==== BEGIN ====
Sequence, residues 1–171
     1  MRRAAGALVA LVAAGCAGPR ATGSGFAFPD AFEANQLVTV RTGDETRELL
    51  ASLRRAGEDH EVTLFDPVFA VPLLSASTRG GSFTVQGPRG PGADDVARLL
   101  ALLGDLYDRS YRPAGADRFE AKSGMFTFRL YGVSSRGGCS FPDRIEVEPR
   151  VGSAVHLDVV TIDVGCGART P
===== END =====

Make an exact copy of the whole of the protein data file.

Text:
Sequence, residues 1–171
     1  MRRAAGALVA LVAAGCAGPR ATGSGFAFPD AFEANQLVTV RTGDETRELL
    51  ASLRRAGEDH EVTLFDPVFA VPLLSASTRG GSFTVQGPRG PGADDVARLL
   101  ALLGDLYDRS YRPAGADRFE AKSGMFTFRL YGVSSRGGCS FPDRIEVEPR
   151  VGSAVHLDVV TIDVGCGART P